# Lecture 1: Intro

## hy Study the Theory of Computation?

### Applications of the Theory

• FSMs for parity checkers, vending machines, communication protocols, and building security devices.
• Interactive games as nondeterministic FSMs.
• Programming languages, compilers, and context-free grammars.
• Natural languages are mostly context-free
• Speech understanding systems use probabilistic FSMs.
• Computational Biology - DNA and proteins are strings
• The undecidability of a simple security model
• Artificial intelligence - the undecidability of first-order logic

## Languages and Strings

### TERM DEFINITION

﻿$\Sigma$﻿ - Alphabet

Symbols/Characters - Members of the alphabet

String - Finite sequence of characters from the alphabet

﻿$\epsilon$﻿ - Empty String

﻿$\Sigma^{\cdot}$﻿ - Set of all strings (Sigma with an asterix)

﻿$\left|s\right|$﻿- Number of symbols in s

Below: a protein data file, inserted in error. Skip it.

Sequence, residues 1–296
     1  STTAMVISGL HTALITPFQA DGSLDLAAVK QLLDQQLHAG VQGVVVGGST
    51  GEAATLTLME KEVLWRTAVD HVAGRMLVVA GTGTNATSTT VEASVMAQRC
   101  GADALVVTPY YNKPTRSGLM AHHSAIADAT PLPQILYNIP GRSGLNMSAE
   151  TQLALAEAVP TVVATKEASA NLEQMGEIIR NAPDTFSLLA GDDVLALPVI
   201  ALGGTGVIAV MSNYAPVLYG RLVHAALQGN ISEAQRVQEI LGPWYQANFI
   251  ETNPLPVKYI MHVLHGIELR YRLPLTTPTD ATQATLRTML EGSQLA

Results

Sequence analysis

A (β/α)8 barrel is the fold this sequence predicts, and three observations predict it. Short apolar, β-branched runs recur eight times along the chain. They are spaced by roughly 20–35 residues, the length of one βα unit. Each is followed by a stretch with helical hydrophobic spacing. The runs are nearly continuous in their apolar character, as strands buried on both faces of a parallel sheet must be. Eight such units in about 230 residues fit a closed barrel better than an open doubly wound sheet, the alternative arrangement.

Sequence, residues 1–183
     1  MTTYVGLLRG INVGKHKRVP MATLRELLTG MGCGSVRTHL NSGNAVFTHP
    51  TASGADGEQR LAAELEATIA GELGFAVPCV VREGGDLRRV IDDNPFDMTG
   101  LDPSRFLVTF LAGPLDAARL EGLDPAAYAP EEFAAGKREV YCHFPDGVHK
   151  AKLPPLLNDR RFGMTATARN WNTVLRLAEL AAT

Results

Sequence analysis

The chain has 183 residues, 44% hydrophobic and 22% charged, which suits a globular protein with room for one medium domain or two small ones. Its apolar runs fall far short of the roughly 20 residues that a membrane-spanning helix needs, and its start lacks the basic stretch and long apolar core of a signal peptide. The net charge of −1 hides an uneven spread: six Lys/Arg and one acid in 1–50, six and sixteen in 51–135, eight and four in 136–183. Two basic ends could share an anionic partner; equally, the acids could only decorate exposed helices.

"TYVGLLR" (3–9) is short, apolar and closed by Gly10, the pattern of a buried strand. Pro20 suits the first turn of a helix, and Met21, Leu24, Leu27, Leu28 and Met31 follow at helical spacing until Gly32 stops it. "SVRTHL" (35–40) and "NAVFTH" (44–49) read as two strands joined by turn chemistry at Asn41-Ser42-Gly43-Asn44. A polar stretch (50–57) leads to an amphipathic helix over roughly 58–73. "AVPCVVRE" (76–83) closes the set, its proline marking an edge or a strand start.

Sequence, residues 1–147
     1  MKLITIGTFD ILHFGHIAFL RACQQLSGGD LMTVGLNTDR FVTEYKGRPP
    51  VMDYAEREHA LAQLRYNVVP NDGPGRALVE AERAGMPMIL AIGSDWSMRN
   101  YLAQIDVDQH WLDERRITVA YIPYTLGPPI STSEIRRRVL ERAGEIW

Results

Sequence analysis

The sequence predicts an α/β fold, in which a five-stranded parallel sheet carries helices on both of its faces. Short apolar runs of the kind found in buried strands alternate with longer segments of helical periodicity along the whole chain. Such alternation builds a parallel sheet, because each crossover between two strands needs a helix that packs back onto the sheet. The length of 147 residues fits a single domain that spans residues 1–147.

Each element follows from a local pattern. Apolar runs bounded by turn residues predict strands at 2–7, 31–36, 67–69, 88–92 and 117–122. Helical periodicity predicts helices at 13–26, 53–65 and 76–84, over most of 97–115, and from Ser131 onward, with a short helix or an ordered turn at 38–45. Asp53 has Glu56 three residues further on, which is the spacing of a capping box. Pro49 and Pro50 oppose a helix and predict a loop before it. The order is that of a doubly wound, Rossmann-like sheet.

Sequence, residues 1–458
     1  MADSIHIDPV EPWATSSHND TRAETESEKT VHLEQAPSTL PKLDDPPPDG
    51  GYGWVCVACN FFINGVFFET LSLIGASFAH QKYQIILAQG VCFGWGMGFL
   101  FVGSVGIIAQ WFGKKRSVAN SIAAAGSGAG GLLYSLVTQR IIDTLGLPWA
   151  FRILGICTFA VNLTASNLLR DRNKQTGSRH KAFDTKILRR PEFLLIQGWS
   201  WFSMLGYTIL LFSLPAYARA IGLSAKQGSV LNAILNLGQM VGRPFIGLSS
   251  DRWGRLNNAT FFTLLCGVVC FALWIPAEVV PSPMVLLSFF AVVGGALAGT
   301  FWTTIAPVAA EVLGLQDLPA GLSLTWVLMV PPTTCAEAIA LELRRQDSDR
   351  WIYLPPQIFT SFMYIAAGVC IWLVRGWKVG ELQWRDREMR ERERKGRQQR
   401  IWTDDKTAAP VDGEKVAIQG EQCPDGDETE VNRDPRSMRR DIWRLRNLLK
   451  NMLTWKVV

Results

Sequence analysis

Example - ﻿$\left|\epsilon\right|=0$﻿ or ﻿$\left|1001101\right|=7$﻿

### Single Framework for Problem Analysis - Language Recognition

Language - Set of finite (possibly infinite) length strings over a finite alphabet.

#### Example: Code Problem

int alpha, beta;

alpha = 3;

beta = (2+5)/10;

### Methods of Solving

#### 1 Lexical Analysis

Break up the problem into variable names, numbers etc.

#### 2 Parsing

Create a tree to represent the sequence of operations that should be executed.

The above example is shown in tree form below

#### 3 Optimization

Optimize information that isn't valuable to the solution.

For the above example, although alpha is defined to be 3, it's never actually used. Beta is found using only constants and so can be solved on its own.

#### 4 Termination

Decide whether the program is guaranteed to halt or not.

#### 5 Interpretation

Figure out the use of the function/codde